Comments on Andrew Elek “Strategic choices for APEC in 2010 and beyond”, 6/05/2010, http://www.eastasiaforum.org/2010/05/06/strategic-choices-for-apec-in-2010-and-beyond-2/
I have to confess from the outset that I am not familiar with the real niceties of the different schools of thought in regionalism, so I am not necessarily an enemy or a fried to any schools, although some of my former supervisors may feel disappointed in hearing this.
But I think that may not necessarily be shameful, because better progresses may be made when one takes all knowledge including being taught or heavily influenced by his teachers’ thoughts and still be able to analyse and approach issues with an independent mind. And the teachers should be proud of such students. An independent, not necessarily equally beautiful, mind for thinking should be welcomed.
Having said that, I find it extremely interesting to note that Elek's preference for the two extremes in the spectrum of his discussion over Bergstan's seemingly somewhat middle ground, unless I have profoundly misunderstood Elek's point.
For a layman to the different schools of thought like me, Bergstan's approach appears to be a mix of the advantages of the APEC and WTO. However, Elek is arguing that APEC members should go either what they have been doing or are used to do, that is, a loose and non legalistic approach to economic matters concerned to them and within them, or to the more difficulty WTO and legalistic enforceable approach, nothing should stand in the middle ground that might take the advantages of the two approaches and come to a compromise and suggesting a possible evolution of APEC business.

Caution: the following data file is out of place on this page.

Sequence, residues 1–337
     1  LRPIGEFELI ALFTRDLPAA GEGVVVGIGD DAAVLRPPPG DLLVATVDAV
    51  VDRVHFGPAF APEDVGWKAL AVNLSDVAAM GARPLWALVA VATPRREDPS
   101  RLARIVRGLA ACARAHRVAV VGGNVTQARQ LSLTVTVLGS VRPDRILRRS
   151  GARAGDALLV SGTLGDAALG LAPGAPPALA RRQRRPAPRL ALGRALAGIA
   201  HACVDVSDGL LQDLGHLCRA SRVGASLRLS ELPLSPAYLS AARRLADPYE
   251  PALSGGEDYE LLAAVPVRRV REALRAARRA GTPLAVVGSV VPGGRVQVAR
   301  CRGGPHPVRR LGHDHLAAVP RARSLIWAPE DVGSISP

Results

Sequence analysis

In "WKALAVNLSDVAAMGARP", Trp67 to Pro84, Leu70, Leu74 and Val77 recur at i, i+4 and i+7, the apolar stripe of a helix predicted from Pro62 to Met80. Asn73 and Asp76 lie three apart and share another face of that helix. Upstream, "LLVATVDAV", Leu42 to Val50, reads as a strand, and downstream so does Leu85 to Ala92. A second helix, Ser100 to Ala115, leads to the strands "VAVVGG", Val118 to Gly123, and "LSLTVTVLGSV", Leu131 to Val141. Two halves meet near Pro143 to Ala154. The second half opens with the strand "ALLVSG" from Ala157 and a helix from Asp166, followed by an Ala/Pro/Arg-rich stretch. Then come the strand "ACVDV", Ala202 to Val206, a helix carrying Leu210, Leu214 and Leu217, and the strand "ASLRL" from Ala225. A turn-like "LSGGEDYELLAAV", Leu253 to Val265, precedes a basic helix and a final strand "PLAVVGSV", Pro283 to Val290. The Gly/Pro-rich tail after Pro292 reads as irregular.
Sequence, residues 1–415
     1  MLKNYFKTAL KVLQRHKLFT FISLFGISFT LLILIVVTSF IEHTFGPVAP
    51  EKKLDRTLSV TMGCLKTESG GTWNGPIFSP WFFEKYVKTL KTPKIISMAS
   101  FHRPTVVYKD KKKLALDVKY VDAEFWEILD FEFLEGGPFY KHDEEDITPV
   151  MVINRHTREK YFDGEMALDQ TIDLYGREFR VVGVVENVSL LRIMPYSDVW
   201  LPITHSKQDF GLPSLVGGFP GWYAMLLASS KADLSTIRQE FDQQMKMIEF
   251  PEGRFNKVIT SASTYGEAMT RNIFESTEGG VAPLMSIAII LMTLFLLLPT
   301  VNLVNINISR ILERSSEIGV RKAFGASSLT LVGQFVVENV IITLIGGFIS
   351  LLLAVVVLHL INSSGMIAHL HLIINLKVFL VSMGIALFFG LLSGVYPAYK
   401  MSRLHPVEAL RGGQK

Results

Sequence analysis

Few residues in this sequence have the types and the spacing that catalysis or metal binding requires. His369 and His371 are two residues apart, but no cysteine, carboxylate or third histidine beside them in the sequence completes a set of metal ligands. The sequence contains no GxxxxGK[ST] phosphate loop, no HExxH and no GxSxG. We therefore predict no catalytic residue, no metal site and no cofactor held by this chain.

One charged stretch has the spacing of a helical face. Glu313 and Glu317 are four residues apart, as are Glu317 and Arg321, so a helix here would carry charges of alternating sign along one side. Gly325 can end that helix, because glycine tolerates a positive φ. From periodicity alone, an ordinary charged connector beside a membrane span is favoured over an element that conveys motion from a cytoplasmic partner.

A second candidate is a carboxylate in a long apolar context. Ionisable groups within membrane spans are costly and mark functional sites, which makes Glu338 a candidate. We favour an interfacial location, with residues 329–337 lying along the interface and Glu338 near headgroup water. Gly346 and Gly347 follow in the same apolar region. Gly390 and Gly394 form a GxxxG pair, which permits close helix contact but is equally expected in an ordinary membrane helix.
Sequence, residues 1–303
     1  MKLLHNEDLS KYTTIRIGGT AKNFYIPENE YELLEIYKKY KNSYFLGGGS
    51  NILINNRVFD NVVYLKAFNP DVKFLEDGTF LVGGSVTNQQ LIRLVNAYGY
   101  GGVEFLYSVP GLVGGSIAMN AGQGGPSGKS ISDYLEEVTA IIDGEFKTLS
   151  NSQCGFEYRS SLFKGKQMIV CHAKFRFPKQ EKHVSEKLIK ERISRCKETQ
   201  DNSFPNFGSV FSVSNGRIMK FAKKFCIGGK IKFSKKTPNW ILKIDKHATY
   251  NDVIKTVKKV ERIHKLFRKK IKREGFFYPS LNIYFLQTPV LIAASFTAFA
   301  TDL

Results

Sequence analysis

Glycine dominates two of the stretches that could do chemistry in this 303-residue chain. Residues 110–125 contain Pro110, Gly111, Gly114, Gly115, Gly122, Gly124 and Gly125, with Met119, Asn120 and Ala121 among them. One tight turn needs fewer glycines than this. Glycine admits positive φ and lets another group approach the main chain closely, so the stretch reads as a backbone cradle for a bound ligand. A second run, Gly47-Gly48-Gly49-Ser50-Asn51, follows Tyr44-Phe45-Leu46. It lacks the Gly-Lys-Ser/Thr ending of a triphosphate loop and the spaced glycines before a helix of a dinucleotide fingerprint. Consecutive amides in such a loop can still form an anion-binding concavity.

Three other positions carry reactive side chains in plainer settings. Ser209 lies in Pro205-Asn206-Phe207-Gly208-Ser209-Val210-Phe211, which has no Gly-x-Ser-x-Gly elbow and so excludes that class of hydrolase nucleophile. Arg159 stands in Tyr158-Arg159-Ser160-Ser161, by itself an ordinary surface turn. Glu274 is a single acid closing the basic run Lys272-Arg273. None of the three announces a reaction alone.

I assume it is the case that both the APEC way and the WTO way coexist and APEC members subscribe to both of them if they are also members of WTO. Then to me it is possible for them to also accept some compromises in between, unless of course their “preferences” are for extremes but harmony!
That is how I find Elek’s posting interesting, AND thought provoking.